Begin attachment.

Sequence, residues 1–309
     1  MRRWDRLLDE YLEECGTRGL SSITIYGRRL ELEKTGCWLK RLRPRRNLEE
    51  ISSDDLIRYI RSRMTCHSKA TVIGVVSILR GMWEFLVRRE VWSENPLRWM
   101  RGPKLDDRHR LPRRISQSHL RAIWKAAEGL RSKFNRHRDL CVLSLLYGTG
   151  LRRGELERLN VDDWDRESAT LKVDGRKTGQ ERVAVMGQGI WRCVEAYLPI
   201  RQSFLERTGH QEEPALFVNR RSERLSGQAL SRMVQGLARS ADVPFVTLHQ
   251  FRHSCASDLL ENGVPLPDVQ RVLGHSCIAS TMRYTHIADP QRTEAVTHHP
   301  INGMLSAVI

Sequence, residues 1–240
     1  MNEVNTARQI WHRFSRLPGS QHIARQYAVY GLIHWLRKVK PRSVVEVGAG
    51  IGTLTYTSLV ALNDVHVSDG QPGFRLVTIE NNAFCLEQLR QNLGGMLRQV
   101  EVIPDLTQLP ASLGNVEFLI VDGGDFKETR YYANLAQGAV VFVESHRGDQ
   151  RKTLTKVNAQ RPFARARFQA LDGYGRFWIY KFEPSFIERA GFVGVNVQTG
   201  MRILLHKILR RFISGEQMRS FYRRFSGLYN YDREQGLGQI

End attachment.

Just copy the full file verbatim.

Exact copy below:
Sequence, residues 1–309
     1  MRRWDRLLDE YLEECGTRGL SSITIYGRRL ELEKTGCWLK RLRPRRNLEE
    51  ISSDDLIRYI RSRMTCHSKA TVIGVVSILR GMWEFLVRRE VWSENPLRWM
   101  RGPKLDDRHR LPRRISQSHL RAIWKAAEGL RSKFNRHRDL CVLSLLYGTG
   151  LRRGELERLN VDDWDRESAT LKVDGRKTGQ ERVAVMGQGI WRCVEAYLPI
   201  RQSFLERTGH QEEPALFVNR RSERLSGQAL SRMVQGLARS ADVPFVTLHQ
   251  FRHSCASDLL ENGVPLPDVQ RVLGHSCIAS TMRYTHIADP QRTEAVTHHP
   301  INGMLSAVI

Sequence, residues 1–240
     1  MNEVNTARQI WHRFSRLPGS QHIARQYAVY GLIHWLRKVK PRSVVEVGAG
    51  IGTLTYTSLV ALNDVHVSDG QPGFRLVTIE NNAFCLEQLR QNLGGMLRQV
   101  EVIPDLTQLP ASLGNVEFLI VDGGDFKETR YYANLAQGAV VFVESHRGDQ
   151  RKTLTKVNAQ RPFARARFQA LDGYGRFWIY KFEPSFIERA GFVGVNVQTG
   201  MRILLHKILR RFISGEQMRS FYRRFSGLYN YDREQGLGQI